The Pew Forum estimates the 'nothing in particulars' (as they call them) at about 12.1%, broken down into
      Secular unaffilliated ...... 6.3%
      Religious unaffilliated .... 5.8%

      Some number of people use the "spiritual but not religious" label to hide – to avoid determining which theology (or unbelief) expresses and codifies their belief. I contend that many of these people might be atheists in denial. For these people, I agree with the author. This label is a cop out.

      Others are on a journey of spiritual discovery and the label appeals to them precisely because it is non-specific, reflecting their transitory status. They are putting in the serious work of determining what it is that they believe. For this group I interpret this article as asserting that the "spritual but not religious" label is not the destination for the journey. (There are many 'religions' that fall outside the largest five or six.)

      Perhaps you will find one that is right for you. I wish you well.

      October 2, 2012 at 3:32 pm |
    • justme

      ask,sand... i had to see if you ever came back here and thanks for your response since you were the only one that seemed to be serious. i just look for comments that indicate a desire to discuss the bible or related subjects and appreciated what i read from you. i hope you continue your discussions with all who are looking for truth and i try to do the same. i know everyone will not become JWs but i believe they will not be sorry for the time spent studying with them,(for free) i have not and wish you nothing but the best in your future. thanks again and i'm sorry for the sad ones.

      October 3, 2012 at 11:11 am |
    • ask?sand?everything

      You're welcome and thank you, all of you. GOPer- I don't see the classification of spiritual, but not religious as a profession of atheism. Agnostic would be a better term as its etymological breakdown means a= not and gnostos= known. I believe -for myself- that it is a question of what can and cannot be proven. That's why I ask questions and there's so many more to be asked and their answers to be discussed. I wish you all well...

      October 11, 2012 at 5:13 pm |
  5. froodley

    "Religion in the abstract"
    Here's God & Godette, they make the thing, ya get your people, here's the recording of the morals, the big names, the avatars, the intersection of cultures... afterlife stuff, personal growth stuff... some of it's great, some partial, some bad... the people writing it down and doing it were all 'a bit touched in the head' by even their own estimation... eventually, one assumes, it settles down.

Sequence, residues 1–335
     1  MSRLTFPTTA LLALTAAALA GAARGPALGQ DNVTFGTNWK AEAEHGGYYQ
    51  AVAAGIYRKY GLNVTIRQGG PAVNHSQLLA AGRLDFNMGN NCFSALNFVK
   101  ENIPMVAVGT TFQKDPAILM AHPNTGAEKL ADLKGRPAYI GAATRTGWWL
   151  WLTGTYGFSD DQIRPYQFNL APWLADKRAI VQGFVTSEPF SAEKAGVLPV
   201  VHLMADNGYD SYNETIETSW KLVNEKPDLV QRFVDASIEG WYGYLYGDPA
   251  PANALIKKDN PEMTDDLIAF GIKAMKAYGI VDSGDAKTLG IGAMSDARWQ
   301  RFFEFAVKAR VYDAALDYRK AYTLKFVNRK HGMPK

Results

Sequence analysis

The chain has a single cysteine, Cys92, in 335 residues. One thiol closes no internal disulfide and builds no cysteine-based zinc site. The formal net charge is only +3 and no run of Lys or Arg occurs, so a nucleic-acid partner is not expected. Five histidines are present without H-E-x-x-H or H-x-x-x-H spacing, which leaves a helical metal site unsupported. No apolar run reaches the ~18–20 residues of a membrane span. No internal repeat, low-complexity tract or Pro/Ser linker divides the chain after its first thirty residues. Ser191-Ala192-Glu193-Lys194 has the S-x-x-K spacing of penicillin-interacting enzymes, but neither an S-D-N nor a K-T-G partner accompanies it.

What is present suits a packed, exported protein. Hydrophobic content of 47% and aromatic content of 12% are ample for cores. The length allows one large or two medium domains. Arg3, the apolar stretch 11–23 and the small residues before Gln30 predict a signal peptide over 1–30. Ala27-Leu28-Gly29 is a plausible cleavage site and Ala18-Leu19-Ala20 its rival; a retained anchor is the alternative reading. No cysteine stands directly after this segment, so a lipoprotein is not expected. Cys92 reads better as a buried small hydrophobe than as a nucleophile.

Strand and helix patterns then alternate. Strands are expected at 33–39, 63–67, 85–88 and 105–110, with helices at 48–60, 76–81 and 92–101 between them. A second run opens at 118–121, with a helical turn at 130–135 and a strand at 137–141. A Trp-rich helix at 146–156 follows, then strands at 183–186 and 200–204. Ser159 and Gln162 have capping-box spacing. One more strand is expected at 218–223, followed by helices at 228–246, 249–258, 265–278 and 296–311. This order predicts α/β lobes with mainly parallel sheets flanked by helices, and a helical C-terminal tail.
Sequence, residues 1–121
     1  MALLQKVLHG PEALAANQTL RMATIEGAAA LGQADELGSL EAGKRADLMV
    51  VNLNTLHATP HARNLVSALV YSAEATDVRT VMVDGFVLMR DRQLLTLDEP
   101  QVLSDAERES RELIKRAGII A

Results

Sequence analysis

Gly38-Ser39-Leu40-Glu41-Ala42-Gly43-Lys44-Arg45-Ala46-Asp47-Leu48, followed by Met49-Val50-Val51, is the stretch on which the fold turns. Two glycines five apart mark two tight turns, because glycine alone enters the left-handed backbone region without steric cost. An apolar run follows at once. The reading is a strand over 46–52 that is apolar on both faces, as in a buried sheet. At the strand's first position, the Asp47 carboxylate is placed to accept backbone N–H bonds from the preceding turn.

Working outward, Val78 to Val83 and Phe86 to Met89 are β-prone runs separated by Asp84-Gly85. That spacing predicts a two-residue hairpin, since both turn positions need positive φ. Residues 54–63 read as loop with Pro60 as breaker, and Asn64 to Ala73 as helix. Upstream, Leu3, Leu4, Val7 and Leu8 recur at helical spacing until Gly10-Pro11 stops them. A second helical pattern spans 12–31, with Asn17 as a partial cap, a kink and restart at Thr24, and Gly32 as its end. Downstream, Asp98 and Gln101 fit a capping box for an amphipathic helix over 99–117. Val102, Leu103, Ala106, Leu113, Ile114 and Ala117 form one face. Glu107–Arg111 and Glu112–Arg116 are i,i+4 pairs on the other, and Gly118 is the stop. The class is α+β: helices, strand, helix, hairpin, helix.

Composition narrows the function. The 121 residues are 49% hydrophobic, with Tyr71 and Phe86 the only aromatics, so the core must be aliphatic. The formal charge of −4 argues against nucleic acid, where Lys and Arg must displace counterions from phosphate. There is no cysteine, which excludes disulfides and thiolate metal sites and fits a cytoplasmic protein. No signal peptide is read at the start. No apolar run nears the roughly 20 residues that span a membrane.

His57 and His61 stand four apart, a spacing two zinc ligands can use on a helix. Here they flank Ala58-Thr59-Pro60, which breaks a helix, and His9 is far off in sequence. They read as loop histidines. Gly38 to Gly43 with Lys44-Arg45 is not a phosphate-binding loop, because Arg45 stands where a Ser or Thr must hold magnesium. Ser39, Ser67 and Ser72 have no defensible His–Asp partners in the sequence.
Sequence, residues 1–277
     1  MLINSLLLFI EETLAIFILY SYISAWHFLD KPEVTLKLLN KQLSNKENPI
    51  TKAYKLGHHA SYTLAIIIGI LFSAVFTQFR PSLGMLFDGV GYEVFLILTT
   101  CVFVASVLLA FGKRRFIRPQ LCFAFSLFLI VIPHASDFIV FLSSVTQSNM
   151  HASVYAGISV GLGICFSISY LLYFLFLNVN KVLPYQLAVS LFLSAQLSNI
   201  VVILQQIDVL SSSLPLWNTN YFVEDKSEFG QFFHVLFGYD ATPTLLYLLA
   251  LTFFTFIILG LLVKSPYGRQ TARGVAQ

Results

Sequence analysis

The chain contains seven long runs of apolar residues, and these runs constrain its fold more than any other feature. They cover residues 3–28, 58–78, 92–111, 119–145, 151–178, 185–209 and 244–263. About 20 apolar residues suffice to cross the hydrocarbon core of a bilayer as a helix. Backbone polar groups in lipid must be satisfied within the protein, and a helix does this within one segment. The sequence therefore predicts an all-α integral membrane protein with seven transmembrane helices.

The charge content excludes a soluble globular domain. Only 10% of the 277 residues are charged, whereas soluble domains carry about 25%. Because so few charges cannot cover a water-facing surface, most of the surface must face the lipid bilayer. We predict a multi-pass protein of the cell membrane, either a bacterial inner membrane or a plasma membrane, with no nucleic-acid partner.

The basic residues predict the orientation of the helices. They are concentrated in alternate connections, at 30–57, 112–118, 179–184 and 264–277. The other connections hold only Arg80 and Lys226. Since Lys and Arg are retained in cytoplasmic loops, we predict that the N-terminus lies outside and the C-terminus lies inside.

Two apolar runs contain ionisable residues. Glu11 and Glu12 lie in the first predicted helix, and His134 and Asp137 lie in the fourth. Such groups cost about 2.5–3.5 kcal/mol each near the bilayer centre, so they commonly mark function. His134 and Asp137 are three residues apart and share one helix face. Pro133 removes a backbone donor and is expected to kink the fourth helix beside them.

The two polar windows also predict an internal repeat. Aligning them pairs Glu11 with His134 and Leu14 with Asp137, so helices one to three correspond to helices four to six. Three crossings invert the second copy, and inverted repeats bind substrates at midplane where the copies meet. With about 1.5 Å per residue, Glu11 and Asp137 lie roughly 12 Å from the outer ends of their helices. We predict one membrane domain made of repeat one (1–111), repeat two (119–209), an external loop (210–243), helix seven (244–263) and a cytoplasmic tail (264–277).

October 2, 2012 at 12:06 pm |
  6. Adam C.

    I personally am offended at the idea of diminishing ones own spiritual beliefs, just because they don't fall behind a religious text. By all means I understand how it can be difficult to wrap your head around the notion, of having a deeper relationship with an omnipotent being, can be. But until one has actually had this experience, one can not pass judgement on how others choose to validate one's existence through their own beliefs. Although I grew up as a practicing Roman Catholic, I developed my own personal relationship with God through my own adversities in life. And it was through this relationship that I was able to rationalize and understand the world around me with deeper meaning. I no longer attend Church due to my own personal views not being acceptable by the Vatican. But its because of my own deeper relationship with God, that I am unafraid to walk through life without a flock to belong to; that even in my darkest hour of need I can fall to my knees and pray, and he will listen.

    October 2, 2012 at 12:00 pm |
    • Anybody know how to read?

      Stick with the text. Avoid churches at all costs;you don't want your name on a list. They are going to be the scapegoat. On a spiritual level it is a righteous judgement. Start a home fellowship group.

      October 2, 2012 at 12:10 pm |
    • Know What

      Adam C.
      "through this relationship that I was able to rationalize and understand the world around me with deeper meaning."

      You have a deep personal relationship with yourself. There is no-one up/out/over/under there.

      October 2, 2012 at 12:32 pm |
    • stupid

      You know, you Revelations freaks can suck a potato, you're the ones brooking for an Apocalypse, the rest of us think you're daft and hotheaded and want you NOT to have one.

      October 2, 2012 at 12:48 pm |
  7. Anybody know how to read?

    SBNR, created by desperate men trying to hang onto their helpmates, is the mantra in all 12 step programs. It just goes to show ya how big the drug problem really is. BTW, I think Unca Suga should stay out of it and legalize. SBNR is Suga's Official gubmint religion. He can't help himself. He's an addict of your money.